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Monkey Business


I teach at the National University of Rwanda's School of Journalism and Communication on Tuesdays and Thursday -- from 8 AM until 5 PM, with a two hour break for lunch. Every morning I hail a moto which takes me from my house in the Butare suburb of Taba to campus. It's about a ten minute ride that's a straight shot down Butare's Main Street, which look like it's straight out of a western flick, starring an entirely Rwandan cast. The buildings are low storefronts and there's a dusty, sun-exposed feel. Driving through, I inhale the smell of diesel, not horse manure.

But as I approach campus shady eucalyptus trees protect me from the sun's rays. And with each cool inhale, it's like I'm in my own personal cough drop bubble. Ah, the sweet minty smell of eucalyptus.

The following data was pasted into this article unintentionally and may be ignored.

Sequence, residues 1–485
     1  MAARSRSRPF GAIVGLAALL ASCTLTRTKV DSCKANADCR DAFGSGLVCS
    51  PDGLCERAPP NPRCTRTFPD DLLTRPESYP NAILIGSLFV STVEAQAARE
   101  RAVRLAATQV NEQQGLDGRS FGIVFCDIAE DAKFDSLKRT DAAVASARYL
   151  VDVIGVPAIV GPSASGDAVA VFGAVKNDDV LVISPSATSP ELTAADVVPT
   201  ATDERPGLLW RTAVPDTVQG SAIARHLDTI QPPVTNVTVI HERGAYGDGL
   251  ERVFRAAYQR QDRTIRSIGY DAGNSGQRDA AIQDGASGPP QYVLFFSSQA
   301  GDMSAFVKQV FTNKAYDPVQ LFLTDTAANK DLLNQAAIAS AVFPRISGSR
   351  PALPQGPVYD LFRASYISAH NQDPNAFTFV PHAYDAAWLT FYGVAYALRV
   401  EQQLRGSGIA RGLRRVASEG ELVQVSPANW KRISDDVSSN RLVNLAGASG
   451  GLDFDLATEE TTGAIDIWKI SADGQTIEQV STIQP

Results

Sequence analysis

The university guard gives me a nod at the main entrance, then lifts the metal bar to let us moto up the final stretch to the main building. This morning as we proceeded up the campus road, past students arm in arm with their backpacks and books I saw something I had never seen before. A group of stubborn monkeys who had swung down from their branches to occupy the road in a seemingly rascally revolt were stopping traffic. They bounded about -- off the pavement into a tree, then back down, leaping and checking to see if the audience still was watching. I took out my camera and tried to take pictures.


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